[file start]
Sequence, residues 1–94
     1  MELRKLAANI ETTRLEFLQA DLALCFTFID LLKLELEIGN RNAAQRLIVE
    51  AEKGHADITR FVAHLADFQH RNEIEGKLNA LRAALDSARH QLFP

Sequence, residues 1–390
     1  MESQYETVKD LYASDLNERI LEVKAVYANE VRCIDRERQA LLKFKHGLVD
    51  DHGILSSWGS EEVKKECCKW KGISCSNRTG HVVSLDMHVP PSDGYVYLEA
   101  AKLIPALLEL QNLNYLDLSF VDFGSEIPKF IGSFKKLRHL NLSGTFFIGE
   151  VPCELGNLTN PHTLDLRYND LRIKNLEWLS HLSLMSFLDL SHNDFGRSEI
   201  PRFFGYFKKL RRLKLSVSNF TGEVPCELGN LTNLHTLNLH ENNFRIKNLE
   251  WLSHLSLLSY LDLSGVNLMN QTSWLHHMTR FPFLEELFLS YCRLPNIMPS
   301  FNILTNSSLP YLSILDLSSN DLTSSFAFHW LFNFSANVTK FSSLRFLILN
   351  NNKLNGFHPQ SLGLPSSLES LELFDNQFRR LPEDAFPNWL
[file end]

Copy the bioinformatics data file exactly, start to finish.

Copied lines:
Sequence, residues 1–94
     1  MELRKLAANI ETTRLEFLQA DLALCFTFID LLKLELEIGN RNAAQRLIVE
    51  AEKGHADITR FVAHLADFQH RNEIEGKLNA LRAALDSARH QLFP

Sequence, residues 1–390
     1  MESQYETVKD LYASDLNERI LEVKAVYANE VRCIDRERQA LLKFKHGLVD
    51  DHGILSSWGS EEVKKECCKW KGISCSNRTG HVVSLDMHVP PSDGYVYLEA
   101  AKLIPALLEL QNLNYLDLSF VDFGSEIPKF IGSFKKLRHL NLSGTFFIGE
   151  VPCELGNLTN PHTLDLRYND LRIKNLEWLS HLSLMSFLDL SHNDFGRSEI
   201  PRFFGYFKKL RRLKLSVSNF TGEVPCELGN LTNLHTLNLH ENNFRIKNLE
   251  WLSHLSLLSY LDLSGVNLMN QTSWLHHMTR FPFLEELFLS YCRLPNIMPS
   301  FNILTNSSLP YLSILDLSSN DLTSSFAFHW LFNFSANVTK FSSLRFLILN
   351  NNKLNGFHPQ SLGLPSSLES LELFDNQFRR LPEDAFPNWL